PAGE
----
The vision for a truly inclusive democracy, one in which everyone – irrespective of race, gender, ability, economic status, education, and otherwise – is afforded the right, opportunity, and encouragement to participate, is a vision of the American ideal that is far from being realized. That was on full display in the U.S. Senate last week, where it was especially painful to see the defeat of the John Lewis Voting Rights Advancement Act and the Freedom to Vote Act due to an arcane procedural maneuver to preserve the status quo. This, during the very week in which the nation commemorated the timeless aspirations of Dr. King, served as another reminder that his warning of the perils of preserving “order” in place of pushing toward justice was unfolding before our eyes.
If any lesson can be taken from the racist preservation of the filibuster in place of legislating in favor of voting rights during what could be the most perilous time in our democracy’s history, it’s that we must not let last week’s setback in the Senate represent the final word on our journey for a truly inclusive democracy. History reminds us that it is a long and tumultuous road to achieve the vision of true inclusion, of racial justice. After all, Dr. King and civil rights activists persisted in the 1950s after having encountered many obstacles and backlash. If they hadn’t, then the Voting Rights Act of 1965 and other seminal markers of legislative and cultural progress would never have occurred.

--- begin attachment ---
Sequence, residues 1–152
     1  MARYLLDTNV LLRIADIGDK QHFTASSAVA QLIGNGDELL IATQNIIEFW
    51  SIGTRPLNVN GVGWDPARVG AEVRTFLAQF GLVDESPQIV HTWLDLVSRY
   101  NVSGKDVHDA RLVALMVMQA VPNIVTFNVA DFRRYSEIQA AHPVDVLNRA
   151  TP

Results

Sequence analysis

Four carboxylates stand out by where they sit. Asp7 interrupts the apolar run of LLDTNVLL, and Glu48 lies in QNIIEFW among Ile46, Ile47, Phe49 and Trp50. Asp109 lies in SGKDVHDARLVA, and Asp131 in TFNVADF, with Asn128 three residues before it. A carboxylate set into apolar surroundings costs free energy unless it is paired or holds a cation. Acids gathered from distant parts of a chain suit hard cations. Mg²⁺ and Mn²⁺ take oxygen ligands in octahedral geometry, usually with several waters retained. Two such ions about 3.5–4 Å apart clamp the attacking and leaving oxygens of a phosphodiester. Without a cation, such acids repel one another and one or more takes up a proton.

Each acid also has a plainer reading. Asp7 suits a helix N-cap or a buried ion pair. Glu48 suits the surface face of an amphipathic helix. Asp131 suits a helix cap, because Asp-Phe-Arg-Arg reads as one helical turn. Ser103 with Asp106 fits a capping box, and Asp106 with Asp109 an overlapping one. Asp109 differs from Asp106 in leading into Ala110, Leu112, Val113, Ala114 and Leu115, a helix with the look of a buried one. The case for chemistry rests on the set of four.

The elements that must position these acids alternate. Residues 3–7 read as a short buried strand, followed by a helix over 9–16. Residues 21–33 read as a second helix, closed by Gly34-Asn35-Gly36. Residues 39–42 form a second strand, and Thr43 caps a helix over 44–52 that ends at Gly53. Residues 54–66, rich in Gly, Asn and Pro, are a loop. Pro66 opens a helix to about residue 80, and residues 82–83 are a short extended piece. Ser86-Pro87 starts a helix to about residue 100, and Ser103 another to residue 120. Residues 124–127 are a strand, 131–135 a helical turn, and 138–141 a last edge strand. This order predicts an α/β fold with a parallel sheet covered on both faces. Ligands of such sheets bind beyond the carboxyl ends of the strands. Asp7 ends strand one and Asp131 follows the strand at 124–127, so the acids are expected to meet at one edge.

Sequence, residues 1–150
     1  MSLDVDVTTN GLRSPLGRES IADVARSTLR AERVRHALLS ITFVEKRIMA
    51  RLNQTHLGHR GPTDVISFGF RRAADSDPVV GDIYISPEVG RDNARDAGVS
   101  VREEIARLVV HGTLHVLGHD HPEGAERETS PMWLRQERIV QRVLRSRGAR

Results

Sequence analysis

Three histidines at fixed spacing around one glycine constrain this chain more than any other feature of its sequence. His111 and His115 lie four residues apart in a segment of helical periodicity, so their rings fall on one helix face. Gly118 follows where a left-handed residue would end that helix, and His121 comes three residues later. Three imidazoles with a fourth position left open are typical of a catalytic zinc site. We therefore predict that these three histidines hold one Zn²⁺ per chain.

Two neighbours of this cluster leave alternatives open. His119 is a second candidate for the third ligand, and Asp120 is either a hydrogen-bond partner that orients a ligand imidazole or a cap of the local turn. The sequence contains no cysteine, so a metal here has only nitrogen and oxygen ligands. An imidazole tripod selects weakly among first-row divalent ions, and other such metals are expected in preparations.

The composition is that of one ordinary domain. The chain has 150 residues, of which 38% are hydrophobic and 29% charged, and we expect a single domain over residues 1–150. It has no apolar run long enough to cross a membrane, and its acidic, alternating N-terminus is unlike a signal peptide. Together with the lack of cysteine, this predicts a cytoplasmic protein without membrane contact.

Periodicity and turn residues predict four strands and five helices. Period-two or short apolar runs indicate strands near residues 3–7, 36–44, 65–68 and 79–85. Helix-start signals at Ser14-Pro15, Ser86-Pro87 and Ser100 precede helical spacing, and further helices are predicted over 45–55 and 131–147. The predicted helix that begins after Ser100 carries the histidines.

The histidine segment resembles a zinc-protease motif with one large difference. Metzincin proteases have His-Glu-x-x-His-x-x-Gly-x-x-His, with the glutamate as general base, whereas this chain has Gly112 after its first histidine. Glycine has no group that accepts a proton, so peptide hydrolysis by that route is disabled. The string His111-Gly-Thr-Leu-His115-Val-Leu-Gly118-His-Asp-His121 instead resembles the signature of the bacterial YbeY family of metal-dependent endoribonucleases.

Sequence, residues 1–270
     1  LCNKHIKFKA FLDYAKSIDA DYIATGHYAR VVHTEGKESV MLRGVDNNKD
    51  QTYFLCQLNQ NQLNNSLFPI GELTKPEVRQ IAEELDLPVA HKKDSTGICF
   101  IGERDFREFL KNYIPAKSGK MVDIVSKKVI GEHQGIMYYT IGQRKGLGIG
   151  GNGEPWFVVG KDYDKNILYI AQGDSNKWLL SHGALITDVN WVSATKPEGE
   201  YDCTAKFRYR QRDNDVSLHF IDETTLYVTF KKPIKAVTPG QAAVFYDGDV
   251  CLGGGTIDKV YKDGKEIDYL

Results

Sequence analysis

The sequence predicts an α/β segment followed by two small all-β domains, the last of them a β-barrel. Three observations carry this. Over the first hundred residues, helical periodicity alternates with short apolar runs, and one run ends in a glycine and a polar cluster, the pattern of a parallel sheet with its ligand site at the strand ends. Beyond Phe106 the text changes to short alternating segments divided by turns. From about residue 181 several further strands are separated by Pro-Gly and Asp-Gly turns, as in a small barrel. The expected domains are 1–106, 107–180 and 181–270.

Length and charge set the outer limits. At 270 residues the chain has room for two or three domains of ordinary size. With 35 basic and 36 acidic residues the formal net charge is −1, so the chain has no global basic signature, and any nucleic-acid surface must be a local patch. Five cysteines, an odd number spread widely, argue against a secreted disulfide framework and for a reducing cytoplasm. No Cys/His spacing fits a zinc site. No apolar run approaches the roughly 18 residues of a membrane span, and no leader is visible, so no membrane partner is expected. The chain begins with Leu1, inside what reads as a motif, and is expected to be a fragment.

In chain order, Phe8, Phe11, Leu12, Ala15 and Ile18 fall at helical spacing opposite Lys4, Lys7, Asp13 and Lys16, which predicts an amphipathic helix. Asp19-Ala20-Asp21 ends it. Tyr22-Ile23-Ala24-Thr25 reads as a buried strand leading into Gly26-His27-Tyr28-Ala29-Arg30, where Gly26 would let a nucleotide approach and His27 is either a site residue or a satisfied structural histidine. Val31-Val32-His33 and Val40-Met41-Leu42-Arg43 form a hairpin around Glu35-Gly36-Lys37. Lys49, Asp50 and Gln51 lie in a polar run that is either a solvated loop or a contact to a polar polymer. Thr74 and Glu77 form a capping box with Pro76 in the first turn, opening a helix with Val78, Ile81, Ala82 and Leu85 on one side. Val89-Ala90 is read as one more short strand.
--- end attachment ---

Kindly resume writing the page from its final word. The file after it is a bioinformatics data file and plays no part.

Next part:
We must recognize that defeats and setbacks are tough. To the advocates and organizers who have been working for voting rights day in and day out, we stand shoulder to shoulder with you and we hold this setback with you. And for those who are Black, brown, Indigenous, APIA, people with disabilities and others whose voices – and votes – hang in the balance, we commit to continuing this journey with you for as long as it takes to achieve justice.
This is the essence of last week’s lesson. That no matter what gets in our way, we must redouble our efforts. We must center ourselves, use whatever reminder we need to muster hope, and strengthen our coalition and collaboration for justice, reaching out to anyone who is not yet standing with us.
We sometimes chant, “can’t stop, won’t stop.” This is the moment to honor that. It is also important that we anticipate, isolate and nullify the threats or obstacles to that vision, especially if these threats are held by those among us who are not reaching for the mountaintop, but instead holding onto their grip of the status quo.
The progress that we have made in this country’s great experiment of government has been tremendous. It must continue and we cannot let retrenchment and racism overcome the journey’s advancements. We will take action together to stop the complacency, the cynicism, and grip on the status quo. We will encourage each other onward, toward a new vision, a new status quo that we create, for the sake of all our voices to be heard, with our votes.
The action that we must take is before us: legislatively, in the statements we make, through the organizing we are doing, and by activating more of our allies – especially those who are yet to be determined – to participate in achieving that shared vision with us.